Peckham shown within Greater London
|Population||71,552 (Peckham, Peckham Rye, Nunhead, Livesey, The Lane wards)|
|OS grid reference|
|Ceremonial county||Greater London|
|Sovereign state||United Kingdom|
|UK Parliament||Camberwell and Peckham|
|London Assembly||Lambeth and Southwark|
"Peckham" is a Saxon place name meaning the village of the River Peck, a small stream that ran through the district until it was enclosed in 1823. Archaeological evidence indicates earlier Roman occupation in the area, although the name of this settlement is lost.
Peckham appears in Domesday Book of 1086 as Pecheham. It was held by the Bishop of Lisieux from the Bishop of Bayeux. Its Domesday assets were: 2 hides. It had land for 1 plough, 2 acres (8,100 m2) of meadow. It rendered £1 10s 0d (£1.50).
The manor was owned by King Henry I, who gave it to his son Robert, Earl of Gloucester. When Robert married the heiress to Camberwell the two manors were united under royal ownership. King John probably hunted at Peckham and local anecdotes suggest that the right to an annual fair was granted to celebrate a particularly good day's sport. The fair grew to be a rowdy major event lasting three weeks until its abolition in 1827.
Peckham became popular as a wealthy residential area by the 16th century and there are several claims that Christopher Wren had local links. By the 18th century the area was a more commercial centre and attracted industrialists who wanted to avoid paying the expensive rents in central London. Peckham also boasted extensive market gardens and orchards growing produce for the nearby markets of London. Local produce included melons, figs and grapes. The formal gardens of the Peckham Manor House, rebuilt in 1672 by Sir Thomas Bond were particularly noticeable and can be seen on the Rocque map of 1746. The manor house was sacked in 1688, as its then owner Sir Henry Bond was a Roman Catholic and staunch supporter of James II. The house was finally demolished in 1797 for the formation of Peckham Hill Street, as the Shard family developed the area. Today Shard's Terrace, the block that contains Manze's Pie and Mash shop, and the western side of Peckham Hill Street represent this Georgian planned expansion.
The village was the last stopping point for many cattle drovers taking their livestock for sale in London. The drovers stayed in the local inns (such as the Red Cow) while the cattle were safely secured overnight in holding pens. Most of the villagers were agricultural or horticultural workers but with the early growth of the suburbs an increasing number worked in the brick industry that exploited the local London Clay.
In 1767 William Blake visited Peckham Rye and had a vision of an angel in a tree. In 1993, at the request of the Dulwich Festival, artist Stan Peskett painted a mural of Blake's vision next to the Goose Green playground in East Dulwich.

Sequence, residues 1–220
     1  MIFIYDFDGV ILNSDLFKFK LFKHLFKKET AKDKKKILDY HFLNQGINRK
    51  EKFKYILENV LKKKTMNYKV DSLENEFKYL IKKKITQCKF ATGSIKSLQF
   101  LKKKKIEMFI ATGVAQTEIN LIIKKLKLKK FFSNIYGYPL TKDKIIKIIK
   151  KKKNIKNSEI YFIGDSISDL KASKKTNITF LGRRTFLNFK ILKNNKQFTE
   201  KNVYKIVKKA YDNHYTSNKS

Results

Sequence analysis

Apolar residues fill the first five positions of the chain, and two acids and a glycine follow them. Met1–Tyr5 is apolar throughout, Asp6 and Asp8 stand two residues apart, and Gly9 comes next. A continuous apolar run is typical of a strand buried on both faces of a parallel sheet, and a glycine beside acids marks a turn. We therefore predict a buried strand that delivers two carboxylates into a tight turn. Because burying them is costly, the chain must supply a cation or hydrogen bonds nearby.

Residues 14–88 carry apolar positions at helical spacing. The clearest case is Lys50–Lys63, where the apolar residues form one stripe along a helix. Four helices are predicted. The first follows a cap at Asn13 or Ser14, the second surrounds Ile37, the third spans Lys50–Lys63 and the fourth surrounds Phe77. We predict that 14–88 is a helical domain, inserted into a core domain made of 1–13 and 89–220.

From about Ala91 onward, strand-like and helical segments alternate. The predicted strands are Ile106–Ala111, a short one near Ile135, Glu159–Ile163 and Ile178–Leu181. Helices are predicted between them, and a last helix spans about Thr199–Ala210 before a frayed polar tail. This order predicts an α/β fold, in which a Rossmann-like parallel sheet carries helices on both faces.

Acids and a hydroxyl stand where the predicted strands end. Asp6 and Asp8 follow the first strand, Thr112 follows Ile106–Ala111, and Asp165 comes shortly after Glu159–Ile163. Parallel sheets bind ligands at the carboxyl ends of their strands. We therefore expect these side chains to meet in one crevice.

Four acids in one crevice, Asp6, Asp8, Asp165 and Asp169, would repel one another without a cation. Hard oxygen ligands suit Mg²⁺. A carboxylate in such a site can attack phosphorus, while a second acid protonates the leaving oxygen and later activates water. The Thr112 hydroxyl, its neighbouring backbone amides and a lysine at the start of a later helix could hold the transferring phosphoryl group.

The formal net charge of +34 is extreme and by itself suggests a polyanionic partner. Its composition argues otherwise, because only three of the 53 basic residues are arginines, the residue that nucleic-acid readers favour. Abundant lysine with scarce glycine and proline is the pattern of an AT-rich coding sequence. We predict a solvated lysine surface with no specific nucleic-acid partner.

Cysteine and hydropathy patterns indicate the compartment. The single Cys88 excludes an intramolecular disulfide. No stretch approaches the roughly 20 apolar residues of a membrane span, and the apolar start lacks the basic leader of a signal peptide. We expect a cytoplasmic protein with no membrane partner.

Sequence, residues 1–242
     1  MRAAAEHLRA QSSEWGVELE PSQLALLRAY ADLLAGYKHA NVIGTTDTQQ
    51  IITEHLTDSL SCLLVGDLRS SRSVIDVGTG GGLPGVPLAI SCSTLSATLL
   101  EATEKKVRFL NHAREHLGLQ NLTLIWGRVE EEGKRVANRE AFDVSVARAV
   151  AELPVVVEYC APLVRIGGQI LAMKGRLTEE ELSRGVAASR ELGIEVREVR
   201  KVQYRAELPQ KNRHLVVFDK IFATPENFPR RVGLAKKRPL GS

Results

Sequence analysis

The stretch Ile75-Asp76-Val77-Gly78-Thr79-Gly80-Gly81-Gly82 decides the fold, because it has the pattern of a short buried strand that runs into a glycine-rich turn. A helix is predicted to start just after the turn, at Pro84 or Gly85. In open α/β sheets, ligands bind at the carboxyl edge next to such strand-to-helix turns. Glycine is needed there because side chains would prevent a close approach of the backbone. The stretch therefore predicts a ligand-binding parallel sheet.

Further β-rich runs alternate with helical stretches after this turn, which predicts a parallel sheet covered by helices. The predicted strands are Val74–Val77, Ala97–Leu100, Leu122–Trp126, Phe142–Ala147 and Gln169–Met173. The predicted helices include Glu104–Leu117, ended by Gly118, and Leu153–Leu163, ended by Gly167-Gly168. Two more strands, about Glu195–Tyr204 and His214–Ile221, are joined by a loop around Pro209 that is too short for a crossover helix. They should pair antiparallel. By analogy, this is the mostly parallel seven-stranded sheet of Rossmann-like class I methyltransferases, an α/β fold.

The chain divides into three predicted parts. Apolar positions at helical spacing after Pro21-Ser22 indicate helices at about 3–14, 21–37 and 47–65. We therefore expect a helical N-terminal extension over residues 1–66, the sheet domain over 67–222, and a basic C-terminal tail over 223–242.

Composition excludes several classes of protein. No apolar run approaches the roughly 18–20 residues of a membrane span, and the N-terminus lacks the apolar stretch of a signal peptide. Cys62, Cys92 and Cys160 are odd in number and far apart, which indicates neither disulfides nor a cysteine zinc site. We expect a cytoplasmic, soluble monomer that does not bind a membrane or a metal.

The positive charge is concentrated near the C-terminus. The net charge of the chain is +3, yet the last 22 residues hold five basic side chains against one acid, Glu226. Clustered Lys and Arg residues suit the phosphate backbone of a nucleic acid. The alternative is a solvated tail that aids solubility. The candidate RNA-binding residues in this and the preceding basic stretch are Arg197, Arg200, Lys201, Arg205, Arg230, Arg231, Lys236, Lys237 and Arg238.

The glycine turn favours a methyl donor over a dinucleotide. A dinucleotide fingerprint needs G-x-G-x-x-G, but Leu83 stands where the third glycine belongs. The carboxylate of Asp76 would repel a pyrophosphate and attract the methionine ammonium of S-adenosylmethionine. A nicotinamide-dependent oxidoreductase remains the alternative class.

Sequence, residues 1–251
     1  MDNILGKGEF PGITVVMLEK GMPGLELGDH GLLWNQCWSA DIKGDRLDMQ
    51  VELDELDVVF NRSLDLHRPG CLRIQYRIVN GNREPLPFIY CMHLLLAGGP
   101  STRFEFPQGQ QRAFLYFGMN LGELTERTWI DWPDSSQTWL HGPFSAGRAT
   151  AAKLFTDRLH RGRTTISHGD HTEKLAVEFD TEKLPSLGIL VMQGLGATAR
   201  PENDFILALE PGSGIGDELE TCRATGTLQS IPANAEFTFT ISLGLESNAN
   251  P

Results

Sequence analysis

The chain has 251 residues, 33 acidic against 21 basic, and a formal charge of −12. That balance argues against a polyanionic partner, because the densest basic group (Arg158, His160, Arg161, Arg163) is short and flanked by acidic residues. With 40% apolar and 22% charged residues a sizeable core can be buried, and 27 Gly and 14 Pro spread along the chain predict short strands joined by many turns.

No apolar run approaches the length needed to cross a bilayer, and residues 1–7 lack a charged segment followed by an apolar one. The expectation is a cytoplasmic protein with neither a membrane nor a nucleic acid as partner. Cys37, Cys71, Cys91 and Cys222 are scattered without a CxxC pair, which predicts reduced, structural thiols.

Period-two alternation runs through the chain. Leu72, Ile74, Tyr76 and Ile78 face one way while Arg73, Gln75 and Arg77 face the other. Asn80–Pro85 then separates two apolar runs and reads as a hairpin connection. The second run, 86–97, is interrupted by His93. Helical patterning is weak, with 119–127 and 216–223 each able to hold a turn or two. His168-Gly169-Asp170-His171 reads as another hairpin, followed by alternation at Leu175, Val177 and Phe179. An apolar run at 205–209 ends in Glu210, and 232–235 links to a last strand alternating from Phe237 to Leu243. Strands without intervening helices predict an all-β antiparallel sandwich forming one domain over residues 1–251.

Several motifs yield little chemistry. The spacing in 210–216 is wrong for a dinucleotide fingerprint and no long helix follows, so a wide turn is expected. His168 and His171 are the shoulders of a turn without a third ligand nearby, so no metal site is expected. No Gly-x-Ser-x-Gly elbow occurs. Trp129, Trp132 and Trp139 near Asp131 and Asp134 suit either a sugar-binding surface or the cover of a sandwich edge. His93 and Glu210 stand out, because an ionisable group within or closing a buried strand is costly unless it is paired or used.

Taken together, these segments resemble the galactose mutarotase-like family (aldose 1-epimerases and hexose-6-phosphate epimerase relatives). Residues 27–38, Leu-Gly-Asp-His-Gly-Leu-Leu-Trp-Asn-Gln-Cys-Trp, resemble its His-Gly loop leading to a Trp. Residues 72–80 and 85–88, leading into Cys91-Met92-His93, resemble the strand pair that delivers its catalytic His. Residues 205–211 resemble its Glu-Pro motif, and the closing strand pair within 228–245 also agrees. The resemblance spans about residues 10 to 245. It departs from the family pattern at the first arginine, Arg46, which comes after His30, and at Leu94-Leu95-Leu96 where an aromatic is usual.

At the beginning of the 19th century, Peckham was a "small, quiet, retired village surrounded by fields". Since 1744 stagecoaches had travelled with an armed guard between Peckham and London to give protection from highwaymen. The rough roads constrained traffic so a branch of the Grand Surrey Canal was proposed as a route from the Thames to Portsmouth. The canal was built from Surrey Commercial Docks to Peckham before the builders ran out of funds in 1826. The abbreviated canal was used to ship soft wood for construction and even though the canal was drained and backfilled in 1970 Whitten's timber merchants still stands on the site of the canal head.
In 1851 Thomas Tilling started an innovative omnibus service from Peckham to London. Tilling's buses were the first to use pre-arranged bus stops, which helped them to run to a reliable timetable. His services expanded to cover much of London until his horses were requisitioned for the Army in the First World War.
Before Peckham Rye railway station was opened in 1865 the area had developed around two centres: north and south. In the north, housing spread out to the south of the Old Kent Road, including Peckham New Town, built on land owned by the Hill family (from whom the name Peckham Hill Street derives). In the south, large houses were built to the west of the common land called Peckham Rye and the lane that led to it.
With the arrival of the railway and the introduction of horse-drawn trams about ten years later, Peckham became accessible to artisans and clerical staff working in the City and the docks. Housing for this socio-economic group filled almost all the remaining fields except the Rye. In 1868 the vestry of Camberwell St Giles bought the Rye to keep it as common land. Responding to concerns about the dangerous overcrowding of the common on holidays the vestry bought the adjacent Homestall Farm (the last farm in the area) in 1894 and opened this as Peckham Rye Park.
With the influx of younger residents with money to spend Rye Lane became a major shopping street. Jones & Higgins opened a small shop in 1867 (on the corner of Rye Lane and Peckham High Street) that would become the best known department store in South London for many years. It closed in the 1980s. In 1870 George Gibson Bussey moved to Peckham and set up a firm described as "Firearms, Ammunition & Shooting” at the Museum Works, Rye Lane, Peckham. The Museum of Firearms was built in 1867. The Ordnance Survey Map of 1868 shows the museum building with a rifle range at the rear extending along the side of the railway embankment for 150 yards.